Join an online community with more than 350,000 members from 150,000+ organizations, where you can ask questions and get advice.
TechSoup hosts free weekly webinars on a variety of topics, from cloud computing to fundraising to social media and tech strategy.
Thinking about updating software, investing in new computers, or deploying a network or server? Our IT consulting services can help!
Close this window
Carlos just blogged about our recent addition to the catalog, Microsoft's Windows MultiPoint Server. Although there are many advantages such as energy savings and management simplicity, you should carefully plan your implementation in order to maximize the benefits of your donation request. In this blog post I'll talk in more detail about some implementation scenarios and deployment considerations for your nonprofit or library.
First off, in terms of hardware there are two ways to connect your user stations to your computer: using multifunction hubs or "zero-clients" to connect a monitor, keyboard, and mouse to the host computer via USB 2.0. These hubs vary in price and are available directly from the manufacturer, or via online retailers like CDW or Newegg. Alternately, you can use high-speed graphics cards that supports multiple outputs on one machine, and connect the stations' monitors to the host station directly. The input devices in this case can be connected via regular USB 2.0-only hubs.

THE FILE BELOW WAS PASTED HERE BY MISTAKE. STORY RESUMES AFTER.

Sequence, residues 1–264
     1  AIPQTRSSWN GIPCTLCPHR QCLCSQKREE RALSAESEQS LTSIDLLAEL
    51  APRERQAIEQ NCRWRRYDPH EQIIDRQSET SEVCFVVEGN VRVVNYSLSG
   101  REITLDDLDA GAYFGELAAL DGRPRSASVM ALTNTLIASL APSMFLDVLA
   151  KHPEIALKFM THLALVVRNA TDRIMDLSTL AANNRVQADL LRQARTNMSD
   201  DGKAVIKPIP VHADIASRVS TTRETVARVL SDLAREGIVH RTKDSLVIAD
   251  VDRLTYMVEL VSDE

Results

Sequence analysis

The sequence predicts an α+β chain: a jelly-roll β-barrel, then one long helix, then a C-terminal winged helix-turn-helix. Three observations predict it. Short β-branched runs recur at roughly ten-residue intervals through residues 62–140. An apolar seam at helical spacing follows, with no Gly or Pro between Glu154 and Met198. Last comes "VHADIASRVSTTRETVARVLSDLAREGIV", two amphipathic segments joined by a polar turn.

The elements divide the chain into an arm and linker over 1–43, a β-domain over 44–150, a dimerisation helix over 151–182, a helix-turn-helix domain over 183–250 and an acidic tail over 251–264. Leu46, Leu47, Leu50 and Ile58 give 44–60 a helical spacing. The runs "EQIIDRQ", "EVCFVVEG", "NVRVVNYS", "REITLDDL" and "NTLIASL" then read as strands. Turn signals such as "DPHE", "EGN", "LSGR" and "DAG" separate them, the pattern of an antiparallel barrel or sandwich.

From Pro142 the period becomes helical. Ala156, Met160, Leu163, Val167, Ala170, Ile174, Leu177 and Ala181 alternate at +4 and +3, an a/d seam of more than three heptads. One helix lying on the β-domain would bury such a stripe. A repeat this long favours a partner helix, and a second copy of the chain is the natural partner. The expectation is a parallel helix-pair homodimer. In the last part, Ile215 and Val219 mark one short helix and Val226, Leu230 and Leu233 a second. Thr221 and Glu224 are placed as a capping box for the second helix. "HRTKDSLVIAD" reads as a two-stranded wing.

There are pros and cons to both approaches, and you should decide based on the technology capacity your organization and library has, and your present and future expansion plans for this multi-user setup. Generally speaking, you will get better performance and cost-effectiveness with a direct graphics card connection instead of the USB plus zero client option, but that will depend on the available slots you have on your computer, and your comfort level in installing hardware and testing to ensure you have the correct drivers.
In terms of software, the version you request for donation through TechSoup would be a Volume License, rather than an OEM License. What this means is that you will be requesting and installing the software on your choice of hardware, as well as the CALs or Client Access Licenses. You will need a MultiPoint Server device CAL as well as a Windows Server device CAL for each station.
TechSoup offers a donated Windows MultiPoint Server CAL Pack that includes both for simplicity. Although one of the key advantages of MultiPoint Server is user management without the added need to manage a full server-client environment. If you already have a server running in your organization, you can add MultiPoint Server to the domain and manage your users in Active Directory instead of MultiPoint Manager. While there's no technical limit to the number of users you can connect, beyond 10 users it is advised that you use Active Directory to manage them as network users instead.
As far as additional software is concerned, Windows MultiPoint Server is an enhanced form of Windows Server 2008 R2 64-bit using Remote Desktop Services (RDS). While most common programs like Microsoft Office and web browsers will run without any problems, other more specialized programs may have issues in such an environment. You should check whether the software manufacturer allows for remote usage of their software. Microsoft is also compiling a MultiPoint Server compatibility page with community input on their experiences.
Photo: rex libris